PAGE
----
"Kingston is excited to bring the fastest DDR3 triple-channel memory products to market as we are the first to deliver 2000MHz gaming kits of three with Intel's reduced voltage," said Mark Tekunoff, senior technology manager at Kingston. "All of our triple-channel kits can be overclocked manually or by using XMP-ready profiles."
Kingston's triple channel memory kits will run the gamut from the aforementioned 2GHz enthusiast HyperX range all the way down to the company's budget ValueRAM lineup:
With rumors swirling of performance DDR3 memory not playing nice with Core i7 platforms due to voltage requirements, it's not a bad idea to wait for specifically compatible kits to emerge before upgrading your RAM. In addition to getting the voltage right, upcoming triple-channel kits will ship with three sticks of RAM to take advantage of the new architecture.
First out of the gate with a line of triple-channel kits is Corsair, who today announced no less than six high performance kits designed for Core i7. These include:
6GB kit 1866MHz Dominator with Airflow fan (TR3X6G1866C9DF - $475
3GB kit 1866MHz Dominator with Airflow fan (TR3X3G1866C9DF) - $250
6GB kit 1600MHz Dominator (TR3X6G1600C8D) - $300
3GB kit 1600MHz Dominator (TR3X3G1600C8D) - $175
6GB kit 1333MHz (TR3X6G1333C9) - $230
3GB kit 1333MHz (TR3X3G1333C9) - $120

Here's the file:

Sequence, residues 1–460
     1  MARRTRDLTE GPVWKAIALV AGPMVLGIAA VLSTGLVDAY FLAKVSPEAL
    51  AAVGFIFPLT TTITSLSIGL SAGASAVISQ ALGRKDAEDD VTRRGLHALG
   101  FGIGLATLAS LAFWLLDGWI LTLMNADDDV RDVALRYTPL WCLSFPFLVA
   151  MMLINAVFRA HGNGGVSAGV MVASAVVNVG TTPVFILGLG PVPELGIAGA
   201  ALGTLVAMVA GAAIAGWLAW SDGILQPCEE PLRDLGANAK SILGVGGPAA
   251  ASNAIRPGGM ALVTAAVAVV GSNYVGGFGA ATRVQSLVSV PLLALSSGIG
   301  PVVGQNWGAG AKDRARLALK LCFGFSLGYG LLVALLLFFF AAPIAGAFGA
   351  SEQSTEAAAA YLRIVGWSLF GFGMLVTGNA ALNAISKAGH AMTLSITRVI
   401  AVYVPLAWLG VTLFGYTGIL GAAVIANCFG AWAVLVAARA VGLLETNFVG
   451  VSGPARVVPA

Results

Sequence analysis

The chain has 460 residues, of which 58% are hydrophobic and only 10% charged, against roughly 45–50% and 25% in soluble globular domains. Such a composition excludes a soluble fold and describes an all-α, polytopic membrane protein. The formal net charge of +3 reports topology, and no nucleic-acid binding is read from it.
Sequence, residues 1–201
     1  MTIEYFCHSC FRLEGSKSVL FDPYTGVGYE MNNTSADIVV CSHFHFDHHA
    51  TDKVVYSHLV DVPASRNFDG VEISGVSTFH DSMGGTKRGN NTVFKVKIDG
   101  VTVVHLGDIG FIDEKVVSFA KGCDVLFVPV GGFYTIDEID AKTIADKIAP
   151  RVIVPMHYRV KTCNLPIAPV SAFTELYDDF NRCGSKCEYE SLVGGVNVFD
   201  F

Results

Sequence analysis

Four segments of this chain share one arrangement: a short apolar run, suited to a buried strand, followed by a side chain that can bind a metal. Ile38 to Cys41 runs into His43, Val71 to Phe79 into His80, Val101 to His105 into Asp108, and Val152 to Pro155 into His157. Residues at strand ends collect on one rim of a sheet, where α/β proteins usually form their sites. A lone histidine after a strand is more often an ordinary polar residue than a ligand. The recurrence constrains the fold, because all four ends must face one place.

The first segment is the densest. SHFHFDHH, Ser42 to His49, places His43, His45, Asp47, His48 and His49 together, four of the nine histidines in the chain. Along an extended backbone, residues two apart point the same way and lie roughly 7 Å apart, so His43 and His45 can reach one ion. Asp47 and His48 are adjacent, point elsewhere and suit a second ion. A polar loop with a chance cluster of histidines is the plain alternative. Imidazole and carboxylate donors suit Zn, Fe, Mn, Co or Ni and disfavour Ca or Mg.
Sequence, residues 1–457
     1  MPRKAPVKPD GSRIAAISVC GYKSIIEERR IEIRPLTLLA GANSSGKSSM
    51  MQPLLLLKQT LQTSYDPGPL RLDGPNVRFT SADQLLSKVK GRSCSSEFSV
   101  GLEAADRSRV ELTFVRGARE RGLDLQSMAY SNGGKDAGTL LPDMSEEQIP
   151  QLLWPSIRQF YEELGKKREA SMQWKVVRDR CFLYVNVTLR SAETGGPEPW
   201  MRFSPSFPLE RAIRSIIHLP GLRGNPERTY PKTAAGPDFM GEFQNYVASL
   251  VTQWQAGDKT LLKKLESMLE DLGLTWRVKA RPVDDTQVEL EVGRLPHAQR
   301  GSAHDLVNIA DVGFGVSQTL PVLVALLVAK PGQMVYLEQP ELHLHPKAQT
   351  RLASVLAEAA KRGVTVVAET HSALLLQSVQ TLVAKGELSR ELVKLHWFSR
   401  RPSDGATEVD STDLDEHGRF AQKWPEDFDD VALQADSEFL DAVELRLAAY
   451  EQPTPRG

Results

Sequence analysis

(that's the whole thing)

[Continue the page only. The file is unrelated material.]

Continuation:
Latency timings and voltage information is still trickling out for many of the kits. Corsair's press release indicates the kits are available now, though we've been unable to spot them in the wild. We imagine the usual culprits (Newegg, ZipZoomFly, TigerDirect, etc.) will show stock very soon.
Building a capable PC has turned into a stupid-cheap affair as components continue to fall in price. This is helped in large part by slumping DRAM pricing, which has yet to recover no matter how much DRAM makers would like it to. And it doesn't look like it will happen anytime soon.
According to Frank Huang, chairman of Powerchip Semiconductor Corporation (PSC), memory chip prices will continue to sag so long as the economy struggles, and isn't expected to start an upward swing until at least the second half 2009. Huang pointed out that DRAM prices have already dropped close to cost, forcing manufacturers to cut production. But despite a 20 percent production decrease by the end of the year, the effects on the market won't be seen until December, which will fall well shy of a rebound in DRAM pricing.
Take advantage of the low prices while you can, but if Huang's assessment proves correct, you needn't feel rushed.